The Trump administration is weighing whether to ban the popular Chinese social media app TikTok.
"I don’t want to get out in front of the president but it’s something we’re looking at."
Secretary of State Mike Pompeo says the private information of American users could be turned over to China's Communist government. Experts say TikTok poses a threat, but to what extent is unclear.
"I absolutely am concerned about these security risks," says Lindsay Gorman, a fellow for emerging technologies at the Alliance for Securing Democracy. "And I think it's important to remember that TikTok isn't just any Chinese social media app. It's one of the fastest-growing in the world and extraordinarily popular in the United States."
"You still have to always ask, you know, under what situations would companies turn over data to the Chinese government? I don't think it's the case that, for example, all of TikTok's data is flowing back to China," said the practice head of geo-technology at the Eurasia Group.
The potential ban comes as tensions between Washington and Beijing persist, with President Donald Trump faulting China for the coronavirus pandemic.
On the app, users share short video. And recently, some said they pranked a presidential rally by registering to attend and not showing up.
"Oh no, I signed up for a Trump rally, and I can’t go," said on TikTok user, pretending to cough. "I’m sick."
"I would not jump to a rationale that this is just a political motive, because I think there are real underlying concerns here. But of course, in an election year, one can never ignore the politics of the moment," says Gorman.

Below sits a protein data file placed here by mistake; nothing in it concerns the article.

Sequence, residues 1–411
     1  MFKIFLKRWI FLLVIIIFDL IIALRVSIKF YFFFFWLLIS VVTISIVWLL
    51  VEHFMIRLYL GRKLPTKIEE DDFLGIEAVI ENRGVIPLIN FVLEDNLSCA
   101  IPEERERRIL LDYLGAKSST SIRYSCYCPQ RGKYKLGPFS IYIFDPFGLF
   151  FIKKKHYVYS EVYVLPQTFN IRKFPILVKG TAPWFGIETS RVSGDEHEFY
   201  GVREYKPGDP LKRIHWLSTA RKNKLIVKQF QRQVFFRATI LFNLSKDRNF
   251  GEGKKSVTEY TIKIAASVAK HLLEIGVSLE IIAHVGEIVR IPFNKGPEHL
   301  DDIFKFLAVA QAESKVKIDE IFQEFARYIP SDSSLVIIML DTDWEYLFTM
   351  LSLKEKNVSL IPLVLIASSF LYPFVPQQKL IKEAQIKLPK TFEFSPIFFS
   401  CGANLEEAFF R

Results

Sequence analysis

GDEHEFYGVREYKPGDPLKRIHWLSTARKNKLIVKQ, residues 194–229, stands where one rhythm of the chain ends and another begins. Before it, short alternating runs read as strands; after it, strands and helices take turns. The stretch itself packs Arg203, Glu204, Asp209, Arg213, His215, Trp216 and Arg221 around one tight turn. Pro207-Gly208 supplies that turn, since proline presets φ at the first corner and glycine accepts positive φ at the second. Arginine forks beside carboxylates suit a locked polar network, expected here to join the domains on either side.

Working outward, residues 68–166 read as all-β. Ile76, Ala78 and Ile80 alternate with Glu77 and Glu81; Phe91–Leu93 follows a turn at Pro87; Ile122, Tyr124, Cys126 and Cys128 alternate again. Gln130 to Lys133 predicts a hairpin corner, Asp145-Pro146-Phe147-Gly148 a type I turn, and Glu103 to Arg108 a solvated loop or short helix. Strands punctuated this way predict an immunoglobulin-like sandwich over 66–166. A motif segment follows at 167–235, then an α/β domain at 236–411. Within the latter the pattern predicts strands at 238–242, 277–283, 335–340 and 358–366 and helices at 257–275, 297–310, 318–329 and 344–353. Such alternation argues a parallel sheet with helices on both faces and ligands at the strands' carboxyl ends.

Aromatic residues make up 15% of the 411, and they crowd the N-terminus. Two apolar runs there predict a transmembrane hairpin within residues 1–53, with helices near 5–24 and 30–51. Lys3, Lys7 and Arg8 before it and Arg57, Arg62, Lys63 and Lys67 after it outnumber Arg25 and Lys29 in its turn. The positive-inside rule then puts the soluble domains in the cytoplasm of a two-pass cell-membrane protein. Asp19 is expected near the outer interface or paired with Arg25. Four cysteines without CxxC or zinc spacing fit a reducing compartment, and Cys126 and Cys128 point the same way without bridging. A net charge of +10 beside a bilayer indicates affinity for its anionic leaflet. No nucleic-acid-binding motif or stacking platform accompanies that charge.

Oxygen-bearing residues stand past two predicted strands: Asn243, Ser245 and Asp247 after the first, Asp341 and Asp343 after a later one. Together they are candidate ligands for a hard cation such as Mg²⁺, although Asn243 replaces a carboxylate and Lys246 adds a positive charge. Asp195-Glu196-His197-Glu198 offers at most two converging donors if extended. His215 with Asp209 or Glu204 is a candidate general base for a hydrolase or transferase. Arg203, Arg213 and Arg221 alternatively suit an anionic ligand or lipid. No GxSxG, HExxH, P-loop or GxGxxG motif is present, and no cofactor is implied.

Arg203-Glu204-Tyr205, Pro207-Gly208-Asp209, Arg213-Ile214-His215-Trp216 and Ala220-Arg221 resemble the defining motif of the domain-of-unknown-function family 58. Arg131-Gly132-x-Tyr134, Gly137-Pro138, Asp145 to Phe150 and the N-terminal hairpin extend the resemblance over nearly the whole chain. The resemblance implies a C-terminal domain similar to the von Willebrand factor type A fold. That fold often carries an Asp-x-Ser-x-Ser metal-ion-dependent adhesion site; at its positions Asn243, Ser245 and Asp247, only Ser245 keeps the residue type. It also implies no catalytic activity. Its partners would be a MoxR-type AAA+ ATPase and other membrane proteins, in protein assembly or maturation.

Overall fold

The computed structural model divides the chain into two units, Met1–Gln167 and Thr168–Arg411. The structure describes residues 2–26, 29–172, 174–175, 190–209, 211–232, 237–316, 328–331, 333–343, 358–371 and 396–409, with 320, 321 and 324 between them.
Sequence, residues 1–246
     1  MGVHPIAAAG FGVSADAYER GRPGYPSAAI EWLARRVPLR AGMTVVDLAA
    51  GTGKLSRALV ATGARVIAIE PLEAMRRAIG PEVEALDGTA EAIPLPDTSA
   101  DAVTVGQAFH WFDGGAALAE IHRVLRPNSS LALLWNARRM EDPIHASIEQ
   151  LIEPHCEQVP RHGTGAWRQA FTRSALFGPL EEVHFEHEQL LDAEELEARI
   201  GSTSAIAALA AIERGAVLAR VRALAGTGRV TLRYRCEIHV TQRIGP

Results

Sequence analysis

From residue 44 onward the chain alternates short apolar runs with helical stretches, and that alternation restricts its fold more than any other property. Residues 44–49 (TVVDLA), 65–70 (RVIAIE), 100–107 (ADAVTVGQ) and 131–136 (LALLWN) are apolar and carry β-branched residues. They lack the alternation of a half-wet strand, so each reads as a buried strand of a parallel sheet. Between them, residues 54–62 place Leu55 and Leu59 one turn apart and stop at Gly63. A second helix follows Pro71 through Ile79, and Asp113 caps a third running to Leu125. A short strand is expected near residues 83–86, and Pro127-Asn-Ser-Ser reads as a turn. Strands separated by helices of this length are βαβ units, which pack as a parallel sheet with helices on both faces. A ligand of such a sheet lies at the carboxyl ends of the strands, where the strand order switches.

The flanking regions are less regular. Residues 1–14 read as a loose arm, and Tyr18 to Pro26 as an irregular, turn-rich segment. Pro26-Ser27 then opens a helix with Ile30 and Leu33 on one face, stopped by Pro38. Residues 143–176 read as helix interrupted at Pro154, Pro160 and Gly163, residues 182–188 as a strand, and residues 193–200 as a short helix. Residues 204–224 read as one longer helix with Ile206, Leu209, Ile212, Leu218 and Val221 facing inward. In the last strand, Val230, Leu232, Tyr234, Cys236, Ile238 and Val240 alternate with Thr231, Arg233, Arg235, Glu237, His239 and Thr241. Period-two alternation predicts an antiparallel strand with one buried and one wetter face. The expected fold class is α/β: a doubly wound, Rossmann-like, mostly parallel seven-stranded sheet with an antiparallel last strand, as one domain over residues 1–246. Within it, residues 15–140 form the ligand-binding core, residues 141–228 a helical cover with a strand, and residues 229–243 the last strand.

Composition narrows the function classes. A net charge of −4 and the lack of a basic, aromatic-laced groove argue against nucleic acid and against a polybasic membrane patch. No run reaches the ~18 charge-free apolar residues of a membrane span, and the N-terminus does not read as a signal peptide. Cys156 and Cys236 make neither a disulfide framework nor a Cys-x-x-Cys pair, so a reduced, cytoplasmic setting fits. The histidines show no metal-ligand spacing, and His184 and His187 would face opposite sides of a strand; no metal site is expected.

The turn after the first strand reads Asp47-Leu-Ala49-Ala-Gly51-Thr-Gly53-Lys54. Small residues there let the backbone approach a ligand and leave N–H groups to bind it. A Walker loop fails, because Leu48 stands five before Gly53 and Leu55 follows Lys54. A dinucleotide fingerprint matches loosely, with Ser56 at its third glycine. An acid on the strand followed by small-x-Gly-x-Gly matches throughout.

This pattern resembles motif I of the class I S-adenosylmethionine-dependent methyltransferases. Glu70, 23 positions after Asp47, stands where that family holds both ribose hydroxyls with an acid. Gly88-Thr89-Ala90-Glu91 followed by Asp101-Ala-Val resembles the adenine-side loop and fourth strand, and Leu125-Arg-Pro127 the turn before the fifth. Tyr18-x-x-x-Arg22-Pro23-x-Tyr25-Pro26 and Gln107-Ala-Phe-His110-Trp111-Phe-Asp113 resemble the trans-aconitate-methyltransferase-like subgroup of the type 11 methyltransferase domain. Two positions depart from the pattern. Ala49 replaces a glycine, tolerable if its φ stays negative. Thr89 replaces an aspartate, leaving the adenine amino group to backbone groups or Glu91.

TikTok denies having ties to the Chinese government, telling Newsy it's led by an American CEO and has “never provided user data to the Chinese government, nor would we do so if asked."
The company also announced it’s pulling out of Hong Kong stores after Beijing imposed a new national security law that would require tech firms to comply with Chinese government requests for data.
"I don't think it's prudent just to take those claims at face value, especially when we've seen concerning evidence so far," says Gorman. "For example, last fall, during the height of the Hong Kong protests, there were reports that TikTok was preferentially censoring content related to the protests that was deemed unfavorable to the Chinese Communist Party."
TikTok recently lost a giant market after India banned the app. But it’s yet to be seen what the U.S. will do after the government began investigating TikTok and parent company, ByteDance, last year.
"U.S. government users are not supposed to use apps like TikTok," says Triolo. "I think we're in a little bit of uncharted waters here in terms of how this goes forward. But I would expect to see the U.S. government itself, which is one thing, ban the use of these apps more formally."
Sasha Ingber, Newsy, Washington.